5 Keys to Successful Trucking during the Winter
Dec 01, 2014
There isn’t always a lot of warning when the weather changes from fall to winter. One day you might be cruising along basking in the warm sun watching the leaves turn color, and the next day there is sleet and snow blanketing everything. The abruptness of the transition can catch many drivers off guard and leave them unprepared for the challenges of trucking during the winter. However, there are some simple things any driver can do to make winter trucking more successful.
Here are five.
1. Slow Down and Stay Back
Driving conditions during the winter time are always changing. Dry roads can turn to wet roads, to slippery roads, to icy roads in a matter of hours. It is critical for the safety of you and everyone else on the road that you slow down and stay back while encountering such variation in driving conditions. Remember that you will need extra time and distance in order to stop. Remember that you will need to give yourself more time to arrive at your destination. And remember that others on the roads are not always as mindful of the road conditions as you are. Therefore drive defensively, watching out for others on the road who could be a potential safety hazard.
2. Maintain Your Equipment Closely
Just like your fingers loss feeling and dexterity when they are cold, so does your equipment. Every winter dispatchers hear stories of tractors with dead batteries and trailer equipment that is malfunctioning due to the temperature. To be successful during winter you need to maintain your equipment closely. Make sure you are regularly checking things over to ensure your tires are in good condition for maintaining traction, that your batteries are strong to start the cold and that all necessary fluids are filled up and conditioned for lower temperatures.
3. Pay Attention to the Little Things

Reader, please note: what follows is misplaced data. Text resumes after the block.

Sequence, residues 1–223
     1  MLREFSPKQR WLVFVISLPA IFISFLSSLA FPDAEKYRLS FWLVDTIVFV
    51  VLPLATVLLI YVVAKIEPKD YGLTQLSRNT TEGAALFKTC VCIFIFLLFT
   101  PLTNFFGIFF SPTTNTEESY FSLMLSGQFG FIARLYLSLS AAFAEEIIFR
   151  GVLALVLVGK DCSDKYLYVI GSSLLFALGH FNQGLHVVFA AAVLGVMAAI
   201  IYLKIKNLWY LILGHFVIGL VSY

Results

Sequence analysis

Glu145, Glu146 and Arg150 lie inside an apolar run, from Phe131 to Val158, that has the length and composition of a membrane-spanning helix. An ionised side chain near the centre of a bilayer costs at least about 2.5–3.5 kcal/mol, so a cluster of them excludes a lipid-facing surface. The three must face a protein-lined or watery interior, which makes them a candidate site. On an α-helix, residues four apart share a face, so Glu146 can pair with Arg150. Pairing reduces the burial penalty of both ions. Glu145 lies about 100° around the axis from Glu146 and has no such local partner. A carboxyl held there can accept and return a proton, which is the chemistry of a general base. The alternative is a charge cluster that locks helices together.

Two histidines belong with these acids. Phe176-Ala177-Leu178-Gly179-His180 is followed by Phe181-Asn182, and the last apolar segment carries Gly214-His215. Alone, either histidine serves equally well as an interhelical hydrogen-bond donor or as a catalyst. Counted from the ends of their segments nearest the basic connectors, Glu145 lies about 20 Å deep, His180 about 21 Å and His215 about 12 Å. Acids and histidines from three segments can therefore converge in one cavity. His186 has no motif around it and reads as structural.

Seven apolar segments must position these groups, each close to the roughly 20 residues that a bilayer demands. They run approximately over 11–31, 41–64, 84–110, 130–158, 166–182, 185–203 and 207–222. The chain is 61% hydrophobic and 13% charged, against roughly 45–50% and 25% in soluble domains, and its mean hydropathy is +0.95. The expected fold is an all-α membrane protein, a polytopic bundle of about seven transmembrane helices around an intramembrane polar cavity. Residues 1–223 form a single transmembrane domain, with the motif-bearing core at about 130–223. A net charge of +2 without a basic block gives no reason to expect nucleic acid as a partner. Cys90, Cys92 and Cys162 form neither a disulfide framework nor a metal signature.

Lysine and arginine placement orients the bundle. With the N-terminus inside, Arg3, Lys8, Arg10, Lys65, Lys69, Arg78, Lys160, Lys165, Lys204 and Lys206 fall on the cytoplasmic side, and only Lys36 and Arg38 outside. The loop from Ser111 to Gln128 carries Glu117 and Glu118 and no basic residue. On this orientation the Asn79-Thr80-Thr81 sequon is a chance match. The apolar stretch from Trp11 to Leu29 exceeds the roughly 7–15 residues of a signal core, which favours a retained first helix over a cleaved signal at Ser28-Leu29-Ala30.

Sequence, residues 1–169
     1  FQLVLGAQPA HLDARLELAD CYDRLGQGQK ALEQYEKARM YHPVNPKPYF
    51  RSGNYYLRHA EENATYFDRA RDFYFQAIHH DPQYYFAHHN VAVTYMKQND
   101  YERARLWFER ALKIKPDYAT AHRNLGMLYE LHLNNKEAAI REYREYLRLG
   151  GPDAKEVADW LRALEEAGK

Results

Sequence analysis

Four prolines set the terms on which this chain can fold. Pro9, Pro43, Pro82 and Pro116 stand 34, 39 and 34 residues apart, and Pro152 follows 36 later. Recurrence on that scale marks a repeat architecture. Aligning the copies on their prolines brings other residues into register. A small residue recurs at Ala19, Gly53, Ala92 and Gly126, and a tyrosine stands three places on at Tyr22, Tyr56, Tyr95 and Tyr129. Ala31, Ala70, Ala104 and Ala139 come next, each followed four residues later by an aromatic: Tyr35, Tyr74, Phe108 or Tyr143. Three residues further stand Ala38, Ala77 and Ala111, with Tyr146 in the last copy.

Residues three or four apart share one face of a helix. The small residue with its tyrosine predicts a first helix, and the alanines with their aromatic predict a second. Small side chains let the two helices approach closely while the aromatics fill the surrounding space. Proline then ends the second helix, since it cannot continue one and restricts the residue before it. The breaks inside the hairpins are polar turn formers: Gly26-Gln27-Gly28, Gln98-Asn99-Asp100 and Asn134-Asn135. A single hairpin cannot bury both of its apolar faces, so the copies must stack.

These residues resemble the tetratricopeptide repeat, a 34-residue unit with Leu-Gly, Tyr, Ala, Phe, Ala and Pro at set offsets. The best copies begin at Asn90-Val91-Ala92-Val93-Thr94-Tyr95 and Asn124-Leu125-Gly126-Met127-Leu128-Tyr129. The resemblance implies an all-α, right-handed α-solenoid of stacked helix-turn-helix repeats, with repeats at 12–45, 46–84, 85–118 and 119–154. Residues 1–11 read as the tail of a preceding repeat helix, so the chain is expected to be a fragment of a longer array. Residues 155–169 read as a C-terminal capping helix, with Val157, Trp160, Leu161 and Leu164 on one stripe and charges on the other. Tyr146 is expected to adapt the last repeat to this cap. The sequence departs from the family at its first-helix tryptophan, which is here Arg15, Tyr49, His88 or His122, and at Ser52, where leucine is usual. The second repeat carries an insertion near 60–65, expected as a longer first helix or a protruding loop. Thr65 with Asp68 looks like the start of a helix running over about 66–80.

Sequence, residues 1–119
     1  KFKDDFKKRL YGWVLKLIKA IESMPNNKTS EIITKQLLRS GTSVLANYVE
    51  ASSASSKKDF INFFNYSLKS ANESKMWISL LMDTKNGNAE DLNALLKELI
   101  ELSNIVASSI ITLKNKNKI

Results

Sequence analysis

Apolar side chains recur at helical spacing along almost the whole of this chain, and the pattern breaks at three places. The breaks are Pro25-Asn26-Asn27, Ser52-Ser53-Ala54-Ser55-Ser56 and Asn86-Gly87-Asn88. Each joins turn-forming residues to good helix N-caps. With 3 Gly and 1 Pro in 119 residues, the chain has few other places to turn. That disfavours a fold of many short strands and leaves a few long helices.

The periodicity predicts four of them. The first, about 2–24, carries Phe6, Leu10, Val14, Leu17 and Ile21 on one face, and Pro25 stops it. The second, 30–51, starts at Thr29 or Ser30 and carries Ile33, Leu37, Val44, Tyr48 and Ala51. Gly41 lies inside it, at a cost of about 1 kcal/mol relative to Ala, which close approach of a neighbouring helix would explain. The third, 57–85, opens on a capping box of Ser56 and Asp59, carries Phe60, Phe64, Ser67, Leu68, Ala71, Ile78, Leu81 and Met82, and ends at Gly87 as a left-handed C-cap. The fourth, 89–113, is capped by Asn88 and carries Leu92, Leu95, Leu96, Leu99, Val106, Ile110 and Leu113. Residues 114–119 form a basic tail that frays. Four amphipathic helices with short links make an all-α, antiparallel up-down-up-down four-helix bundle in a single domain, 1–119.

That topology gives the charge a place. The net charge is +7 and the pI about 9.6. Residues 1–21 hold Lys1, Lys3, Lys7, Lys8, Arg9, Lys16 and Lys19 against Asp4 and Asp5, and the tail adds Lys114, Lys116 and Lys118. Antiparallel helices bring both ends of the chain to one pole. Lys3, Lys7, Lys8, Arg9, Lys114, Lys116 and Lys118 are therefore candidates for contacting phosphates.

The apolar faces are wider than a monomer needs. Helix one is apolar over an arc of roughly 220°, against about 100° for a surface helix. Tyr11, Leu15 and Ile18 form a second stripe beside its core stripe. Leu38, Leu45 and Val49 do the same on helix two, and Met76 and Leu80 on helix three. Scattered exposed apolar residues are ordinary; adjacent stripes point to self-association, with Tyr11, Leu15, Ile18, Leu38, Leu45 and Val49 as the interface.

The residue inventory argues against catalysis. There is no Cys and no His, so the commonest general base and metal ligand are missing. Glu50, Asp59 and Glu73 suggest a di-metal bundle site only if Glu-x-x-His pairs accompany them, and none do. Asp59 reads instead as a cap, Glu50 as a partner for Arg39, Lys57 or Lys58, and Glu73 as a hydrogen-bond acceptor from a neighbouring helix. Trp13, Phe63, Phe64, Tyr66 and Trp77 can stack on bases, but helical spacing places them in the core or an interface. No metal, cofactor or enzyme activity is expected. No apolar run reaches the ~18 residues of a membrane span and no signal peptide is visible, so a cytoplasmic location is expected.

I used to work for a boss who was fond of saying, “Details matter.” This is especially true when driving during the winter months. Little things that aren’t a big deal on warm summer days become major hassles when it is -10 degrees. Paying attention to the little things will save you a lot of headaches. Make sure you are giving all your equipment adequate time to warm-up before use. Take inventory and ensure you have plenty of hydraulic fluid, windshield fluid, fuel additive, and antifreeze on-hand. Create a pre-trip/post-trip checklist that will empower you to prevent brake freeze-ups, frozen product in tanks and pumps, frozen lines, and other common occurring cold weather issues.
4. Be Prepared for the Worst
Remember: “Those who fail to plan, plan to fail.” You never know what you will encounter when driving during the winter. The wise driver is prepared ahead of time for the worst situations he may encounter. This means watching weather reports and following along with road condition reports. It also means have tools in your truck just in case. Things like tire chains, windshield scrappers and a small shovel are all good ideas. You should also make sure you have extra gloves, hats, warm clothes, socks, boots, and blankets available in your truck.
5. Keep a Good Attitude
This is definitely the most difficult but it may also be the most important. Winter is tough. Working in the cold stinks. But being negative and mad about it will only aggravate the situations you face and make everyone else more unpleasant around you. Look for ways to stay positive. Eat good food. Make snowballs at the tank wash. Bring a sled in your truck and slide like a kid. Grow a beard. Drink hot chocolate and listen to Jingle Bells while your drive. Remind yourself - you’ll make it through this. Summer is coming. So smile. A lot. And keep on trucking!